Large data sets are generated from educational settings, for such purposes as assessment, evaluation, accreditation, regulation, etc. How should they be analyzed? Is data-driven analysis the way to go? We can use traditional database queries to extract subsets of data, but a more powerful tool is emerging to address the myriad of data, and to help analyze it in ways we haven’t been able to before.
Besides the data that gets generated from classrooms, teachers, schools, students, administrators, governments, bureaucrats and the general public, collectively the stakeholders in education, we also can find that machine data is being generated in the form of # of hits to websites, frequency of logins, downloads, search criteria, messaging interactions, social media likes, various feeds from Twitter and other social media, use of electronic devices generating location information, etc.
The challenge is how do we get a big picture of the situations we want to learn about to make decisions when there are numerous forms of data. We may choose one data set and find it was not the most appropriate for our analysis. Being able to integrate multiple sources of data to generate valuable information is what we need.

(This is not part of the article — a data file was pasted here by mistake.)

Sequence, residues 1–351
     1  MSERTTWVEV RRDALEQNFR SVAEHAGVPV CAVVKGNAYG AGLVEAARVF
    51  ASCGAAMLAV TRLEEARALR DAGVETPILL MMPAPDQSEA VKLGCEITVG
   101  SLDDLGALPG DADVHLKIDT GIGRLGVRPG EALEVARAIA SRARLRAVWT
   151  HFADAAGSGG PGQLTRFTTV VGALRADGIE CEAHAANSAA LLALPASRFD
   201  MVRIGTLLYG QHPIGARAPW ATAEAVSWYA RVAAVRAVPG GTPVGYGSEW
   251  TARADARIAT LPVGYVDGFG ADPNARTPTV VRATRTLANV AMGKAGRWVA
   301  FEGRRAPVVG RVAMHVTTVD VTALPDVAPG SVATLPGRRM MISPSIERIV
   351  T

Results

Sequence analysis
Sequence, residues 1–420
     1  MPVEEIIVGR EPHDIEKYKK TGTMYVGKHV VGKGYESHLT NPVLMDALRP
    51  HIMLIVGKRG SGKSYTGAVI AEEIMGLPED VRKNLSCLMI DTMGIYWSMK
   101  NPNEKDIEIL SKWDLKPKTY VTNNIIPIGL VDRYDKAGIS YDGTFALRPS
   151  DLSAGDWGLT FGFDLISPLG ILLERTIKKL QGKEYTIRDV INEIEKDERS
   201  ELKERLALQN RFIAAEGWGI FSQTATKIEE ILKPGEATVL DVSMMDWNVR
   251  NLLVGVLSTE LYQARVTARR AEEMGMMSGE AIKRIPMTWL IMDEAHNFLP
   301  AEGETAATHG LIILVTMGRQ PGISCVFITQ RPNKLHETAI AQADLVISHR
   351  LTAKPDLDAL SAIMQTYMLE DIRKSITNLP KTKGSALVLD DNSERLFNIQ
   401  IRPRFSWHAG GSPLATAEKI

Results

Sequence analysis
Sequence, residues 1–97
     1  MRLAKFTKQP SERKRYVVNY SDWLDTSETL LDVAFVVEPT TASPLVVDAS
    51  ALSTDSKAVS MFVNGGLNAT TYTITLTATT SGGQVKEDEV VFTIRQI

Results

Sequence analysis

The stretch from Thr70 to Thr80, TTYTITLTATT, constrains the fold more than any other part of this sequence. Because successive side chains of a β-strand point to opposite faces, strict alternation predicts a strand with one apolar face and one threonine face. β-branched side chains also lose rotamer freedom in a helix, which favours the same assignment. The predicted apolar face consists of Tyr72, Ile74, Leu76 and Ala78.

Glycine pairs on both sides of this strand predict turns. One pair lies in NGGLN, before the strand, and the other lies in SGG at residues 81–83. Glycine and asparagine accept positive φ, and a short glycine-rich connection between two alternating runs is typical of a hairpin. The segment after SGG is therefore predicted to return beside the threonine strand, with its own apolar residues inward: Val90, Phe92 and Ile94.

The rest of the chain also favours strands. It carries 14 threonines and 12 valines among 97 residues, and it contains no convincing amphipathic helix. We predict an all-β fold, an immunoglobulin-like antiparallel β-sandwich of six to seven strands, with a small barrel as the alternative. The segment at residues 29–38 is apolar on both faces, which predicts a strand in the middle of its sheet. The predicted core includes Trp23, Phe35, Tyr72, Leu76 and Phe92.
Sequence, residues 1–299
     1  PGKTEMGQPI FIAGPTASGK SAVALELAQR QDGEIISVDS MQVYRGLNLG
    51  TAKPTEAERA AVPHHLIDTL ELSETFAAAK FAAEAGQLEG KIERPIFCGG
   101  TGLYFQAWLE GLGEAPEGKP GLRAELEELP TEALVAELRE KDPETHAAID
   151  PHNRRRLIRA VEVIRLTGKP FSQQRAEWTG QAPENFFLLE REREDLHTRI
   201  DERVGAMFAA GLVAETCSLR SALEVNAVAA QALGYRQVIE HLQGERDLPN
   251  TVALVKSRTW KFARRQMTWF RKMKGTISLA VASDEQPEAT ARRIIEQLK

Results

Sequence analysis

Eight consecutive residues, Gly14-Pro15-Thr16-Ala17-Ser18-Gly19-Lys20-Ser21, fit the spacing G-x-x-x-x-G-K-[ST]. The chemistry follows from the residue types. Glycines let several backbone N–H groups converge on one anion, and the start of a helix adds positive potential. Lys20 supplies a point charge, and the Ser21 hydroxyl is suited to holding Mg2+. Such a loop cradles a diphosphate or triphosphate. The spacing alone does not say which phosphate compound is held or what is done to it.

Enter Big Data and Analytics. With various tools that are available for businesses to analyze their customers, competitors, products, sales and other market conditions, educators can also find valuable information to help answer the pressing questions they face about student learning, effectiveness of pedagogies and instruction, where money is best spent to achieve the greatest return, how populations can be better served through public or private education, etc. We also see Analytics being used in sports to find the best scenarios and resources to achieve winning results (see the book/movie Moneyball, for example). Once data is collected, stored, and made available through software tools, it can be mined to find answers to these important questions.